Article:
They reach the point where the diving bell went down. The water temperature is an astonishing 59 degrees F.--and even warmer further down. Kemp recalls that it was so when they went down before. Nelson, with an odd edge to his voice, comments that Kemp seems to be regaining his memory, but Kemp points out that his memory prior to the dive was fine. Seaview's diving bell is rigged. Kemp doesn't want to use the bell, but they have no idea how far down they will have to go--it might be below Seaview's crush depth. The diving team assembles in the Missile Room--Nelson, Crane, Carol and Kemp. David Hedison, in order to match the preexisting footage, is rigged out in a white suit and boots, with a scarf around his neck. This wouldn't have looked so out of the ordinary if Nelson had been similarly dressed, but he's wearing his standard sub uniform. Crane is to handle the bell's communications--which could easily have been done by any crewman, without putting the captain at risk. The bell is sent down. Kemp is looking very anxious as they head down towards 4,000 feet--which is where his memory seems to stop. Later on the Props Department would have a proper roll of cable for the diving bell, but for this early episode, it's quite obvious that it's a large roll of garden hose. (The metal segments attaching one length to another give it away.) At four thousand feet, having experienced no currents whatsoever, the bell is suddenly seized by a very powerful one. As they frantically start hauling the bell up, the cable snaps. The bell's occupants tumble all over each other (that must have been fun to film). The bell is pushed into a small cave and bobs up to the surface of a pool. Nelson hops out, revealing that the water is waist deep. (The tunnel the bell rose through must be very sharply defined, because Nelson stands right next to the bell.) I thought that Nelson and Crane were being gallant in carrying Carol to shore, but apparently she had been stunned by the rough ride, because she flops to the ground once they're on land. The men also sprawl out for a rest. Nearby, the camera focuses on a very large clawed footprint.
After Crane cleans and dries the gun, they start taking stock of the situation. Nelson thinks that the area is heated by constant volcanic action, and the bell was caught up in a thermal current. Carol wanders off, and finds the footprint. The group splits. Carol somehow ends up with Crane, rather than her erstwhile boyfriend. After finding another footprint, Carol moves on ahead, and quickly finds the source of the footprints. I loved the tone of her voice as she almost squeaks "Lee...." Crane comes up beside her, speedily assesses the situation, and opts to hightail it out of there. After passing through a stretch of jungle, they reach a rather barren, flat area, and Carol's hair promptly turns lighter. (Jill St. John, star of "The Lost World", is a redhead, not a brunette.) She and Crane manage to hide alongside a rock wall, as the lizard comes after them. Carol screams right in Crane's ear, which can't have been too comfortable. A second lizard (different type) has also shown up, and they decide to fight over who gets to have lunch. The fight sequence is quite extensive. Carol ends up wrapped in Crane's arms, but still screams at intervals, when she's not hiding her face in his armpit. The lizards end up rolling off the edge of a cliff. Nelson and Kemp immediately run up. (Presumably they had been keeping a prudent distance during the battle.) Nelson and Kemp had found what looks to be an old campsite, and they head back to it. Carol rejects Kemp's tacit offer of support and comfort. (After being in Crane's arms, can you blame her?) Kemp obviously blames Crane, giving him a long, hard look before turning away.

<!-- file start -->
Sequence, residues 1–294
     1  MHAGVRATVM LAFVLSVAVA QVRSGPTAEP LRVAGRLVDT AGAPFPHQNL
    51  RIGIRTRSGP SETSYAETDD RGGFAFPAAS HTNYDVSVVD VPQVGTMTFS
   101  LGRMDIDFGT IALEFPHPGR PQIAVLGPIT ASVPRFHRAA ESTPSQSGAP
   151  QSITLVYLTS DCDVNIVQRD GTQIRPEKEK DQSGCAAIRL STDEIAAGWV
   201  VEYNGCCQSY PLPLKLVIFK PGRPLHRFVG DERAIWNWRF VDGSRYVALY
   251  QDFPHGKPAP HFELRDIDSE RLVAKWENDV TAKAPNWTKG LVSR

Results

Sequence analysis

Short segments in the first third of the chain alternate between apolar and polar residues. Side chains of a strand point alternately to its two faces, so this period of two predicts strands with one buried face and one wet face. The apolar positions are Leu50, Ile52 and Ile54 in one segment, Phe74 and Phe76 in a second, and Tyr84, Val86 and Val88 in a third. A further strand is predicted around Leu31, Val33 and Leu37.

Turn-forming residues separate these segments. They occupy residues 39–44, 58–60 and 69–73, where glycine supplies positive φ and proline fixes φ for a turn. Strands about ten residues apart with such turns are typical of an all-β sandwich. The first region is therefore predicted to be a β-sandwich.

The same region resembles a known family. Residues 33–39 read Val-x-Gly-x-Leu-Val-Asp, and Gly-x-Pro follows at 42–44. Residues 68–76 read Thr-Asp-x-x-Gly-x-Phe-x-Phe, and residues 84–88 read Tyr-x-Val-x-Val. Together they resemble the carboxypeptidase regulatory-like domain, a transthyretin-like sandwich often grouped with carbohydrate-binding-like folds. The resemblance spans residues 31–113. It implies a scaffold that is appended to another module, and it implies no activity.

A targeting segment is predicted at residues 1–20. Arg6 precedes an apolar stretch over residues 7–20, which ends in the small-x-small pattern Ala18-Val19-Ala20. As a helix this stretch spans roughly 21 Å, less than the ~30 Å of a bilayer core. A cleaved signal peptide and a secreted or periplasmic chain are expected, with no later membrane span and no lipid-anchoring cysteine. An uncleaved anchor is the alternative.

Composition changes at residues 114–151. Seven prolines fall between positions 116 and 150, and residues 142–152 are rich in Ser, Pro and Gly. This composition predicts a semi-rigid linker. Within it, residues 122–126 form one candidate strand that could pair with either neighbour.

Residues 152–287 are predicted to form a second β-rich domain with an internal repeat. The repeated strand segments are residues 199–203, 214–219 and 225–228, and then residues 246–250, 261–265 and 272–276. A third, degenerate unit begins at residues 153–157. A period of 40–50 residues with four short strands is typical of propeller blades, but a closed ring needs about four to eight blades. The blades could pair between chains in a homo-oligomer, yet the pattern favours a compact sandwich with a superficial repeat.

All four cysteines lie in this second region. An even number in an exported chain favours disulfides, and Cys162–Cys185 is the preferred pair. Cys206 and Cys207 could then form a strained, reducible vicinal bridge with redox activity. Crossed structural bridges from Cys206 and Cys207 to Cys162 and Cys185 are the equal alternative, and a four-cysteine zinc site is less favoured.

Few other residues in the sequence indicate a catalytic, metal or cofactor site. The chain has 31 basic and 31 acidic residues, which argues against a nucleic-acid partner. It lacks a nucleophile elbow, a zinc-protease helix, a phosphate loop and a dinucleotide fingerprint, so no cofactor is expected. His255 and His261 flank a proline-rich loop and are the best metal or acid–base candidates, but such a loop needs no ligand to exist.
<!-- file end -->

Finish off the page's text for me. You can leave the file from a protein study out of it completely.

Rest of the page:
On their way to the campsite, Crane thinks that he spotted something moving--something that looked human. Rather than splitting the group again (and spoiling the ensuing footage) Nelson agrees to let Crane search on his own. What Crane spotted was a native girl (who looks remarkably like what Star Trek's Green Orion Slave Girl would have looked like filmed in black and white). The chase leads through a network of webbing. The girl cautiously makes her way past a giant spider; Crane simply shoots it. The girl must have dawdled after getting clear of the web; when Crane exits, he seems to catch up instantly, although she had been well ahead of him. Crane drags her along with him. At the campsite, we get the first clear indication that something is fishy with Kemp--spotting a compass lying in the sand, he scoops it up, glances around furtively, and goes off to bury it. Crane arrives and presents his catch of the day. Scientist Nelson casually glances over her, notes the high cheekbones and "characteristic eyefolds" and immediately identifies her as Amerind. ("Native American" was a phrase long in the future.) He speculates that a canoeful of natives from South America had gotten swept into the area, perhaps centuries ago. The girl spots Kemp, and with a cry, moves toward him. Kemp promptly shoots at her, Nelson yanking her aside just in time. Crane jumps for Kemp, but they're all interrupted by the arrival of more natives, all male, all distinctly unfriendly. A big, noisy party seems to be going on at the natives' home complex. The group are shoved into a cave, which is braced shut with a framework of wood. Kemp suddenly starts to remember things (although no one comments on it). The altar they passed is for a ceremony to the fire god, which takes place at noon of the longest day--today, in less than half an hour. Considering that Kemp had only been there nine months, it would be interesting to know just how he learned about the timing of this ceremony. Nelson notes the fact that Kemp had been trying to delay them all along--including sabotaging the inertial navigator. (I'd like to know just when he managed that, and why Nelson didn't call him on it at the time.) Nelson deduces that Prof. Denning must have still been alive when Kemp escaped, and Kemp had tried to delay them until after the ceremony--which Denning would presumably have a starring role in. At this point, Denning himself emerges from a small tunnel--filthy and overgrown. (Just how did Kemp shave, I'd like to know? Or did he have a naturally light beard?) Denning, who doesn't seem too surprised to see anyone, is full of quiet fury against Kemp. He states that a girl had fallen in love with Kemp and Kemp used her to escape. He had also used the two Nelson Institute men, leading them into a trap and slipping away as they were caught and killed. Kemp makes no attempt at explanations, simply squirming under their combined contempt. Kemp's behavior is inexplicable. Why hadn't he simply reported that he was the sole survivor of the expedition? If he had done so, there would have been no hurry in getting a look at the place. It doesn't seem likely that he really was suffering from partial amnesia, because he was trying to delay them from the start. The girl arrives at the cave entrance with a tray of food, calling to Kemp, whom she addresses as Daa-tu (or something like that). Nelson, setting aside his feelings, urges Kemp to communicate with her. The guard shoves her away before Kemp can accomplish much. Nelson abruptly reveals a nifty gadget hidden in his boot--a blowgun and paralyzing dart. (Shades of James Bond--or Maxwell Smart.) He hits the guard, but the effect only lasts 30 seconds. The girl takes a lot of persuading, (and Carol has an odd look on her face during Kemp's efforts) but finally pulls away the barricade. Naturally, the safer pathway is blocked off by angry natives, so they're forced to the dangerous path, along a river of lava. Viewers who had never seen "The Lost World" would be startled at a sudden shot of a group of strangers, including a man with a white hat. Most of the footage at this point integrated a little better than that. Carefully making their way along a narrow ledge, Nelson, at the rear, sets fire to a bridge, preventing their pursuers from pursuing any further. The girl brings them to a more open area. The lava flow is suddenly above them, blocked off by a rather low wall, with a pool of water below it. The girl abruptly takes her leave of "Daa-tu" and runs back the way they came. Considering her betrayal of her own people, it was a remarkably brave (or stupid) thing to do. Or perhaps she recalled how Kemp had shot at her and decided to bring them to a nasty fate, because after she left, yet another lizard appears, hoisted out of the pool (you can see the strings clearly). Nelson suggests breaking the dam and letting the lava flow onto the lizard, but leaves the actual attempt to Crane. Crane is quickly pinned down as he ascends to the dam, and calls for some distraction. Kemp, with no hesitation, dashes forward. It was fairly obvious that Kemp was not going to last to the end of the episode, the only question being if he got killed during some display of self-centeredness, or in a state of atonement. Atonement it was, and boy, was it quick! The scene was actually fairly realistic--quite unpleasantly so. Crane manages to break the dam (in the movie, he required assistance, his helper also atoning) and the lizard sinks beneath the onslaught of lava. Hastening past, the group finds a short tunnel with snow at the end, and immediately commence rubbing their arms with the cold. Nelson says that the mountain will explode when the lava hits the ice (why, I have no idea; you'd think it would simply melt the ice until the cold eventually overcame the heat). They hurry down the tunnel. Crane tucks his hands behind his back, which momentarily gives him the look of a man out for a casual stroll. With remarkably astute timing, the Seaview broaches. Chip Morton spots the group shivering on the shore and calls for a rescue party. The group, well bundled up, stand up in the conning tower, watching as the Antarctic Hot Spot vanishes in a series of explosions. Denning complains that there's nothing to show for it. Nelson points out that they have their lives. No one mentions that the native colony no longer have theirs--including the girl who saved them.